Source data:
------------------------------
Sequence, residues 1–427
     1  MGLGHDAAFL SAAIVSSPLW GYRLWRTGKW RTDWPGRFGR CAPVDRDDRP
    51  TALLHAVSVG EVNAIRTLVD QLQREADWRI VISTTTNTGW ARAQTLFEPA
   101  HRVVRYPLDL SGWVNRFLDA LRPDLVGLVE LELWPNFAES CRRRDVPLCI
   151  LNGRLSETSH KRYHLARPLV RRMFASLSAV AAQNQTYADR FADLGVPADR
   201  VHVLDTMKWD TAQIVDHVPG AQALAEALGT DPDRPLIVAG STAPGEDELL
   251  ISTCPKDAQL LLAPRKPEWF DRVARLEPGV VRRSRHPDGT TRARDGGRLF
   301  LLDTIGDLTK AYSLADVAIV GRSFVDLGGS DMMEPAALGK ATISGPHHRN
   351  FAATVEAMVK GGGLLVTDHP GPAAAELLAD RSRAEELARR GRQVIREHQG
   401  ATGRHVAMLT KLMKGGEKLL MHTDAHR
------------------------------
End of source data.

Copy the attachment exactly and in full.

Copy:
Sequence, residues 1–427
     1  MGLGHDAAFL SAAIVSSPLW GYRLWRTGKW RTDWPGRFGR CAPVDRDDRP
    51  TALLHAVSVG EVNAIRTLVD QLQREADWRI VISTTTNTGW ARAQTLFEPA
   101  HRVVRYPLDL SGWVNRFLDA LRPDLVGLVE LELWPNFAES CRRRDVPLCI
   151  LNGRLSETSH KRYHLARPLV RRMFASLSAV AAQNQTYADR FADLGVPADR
   201  VHVLDTMKWD TAQIVDHVPG AQALAEALGT DPDRPLIVAG STAPGEDELL
   251  ISTCPKDAQL LLAPRKPEWF DRVARLEPGV VRRSRHPDGT TRARDGGRLF
   301  LLDTIGDLTK AYSLADVAIV GRSFVDLGGS DMMEPAALGK ATISGPHHRN
   351  FAATVEAMVK GGGLLVTDHP GPAAAELLAD RSRAEELARR GRQVIREHQG
   401  ATGRHVAMLT KLMKGGEKLL MHTDAHR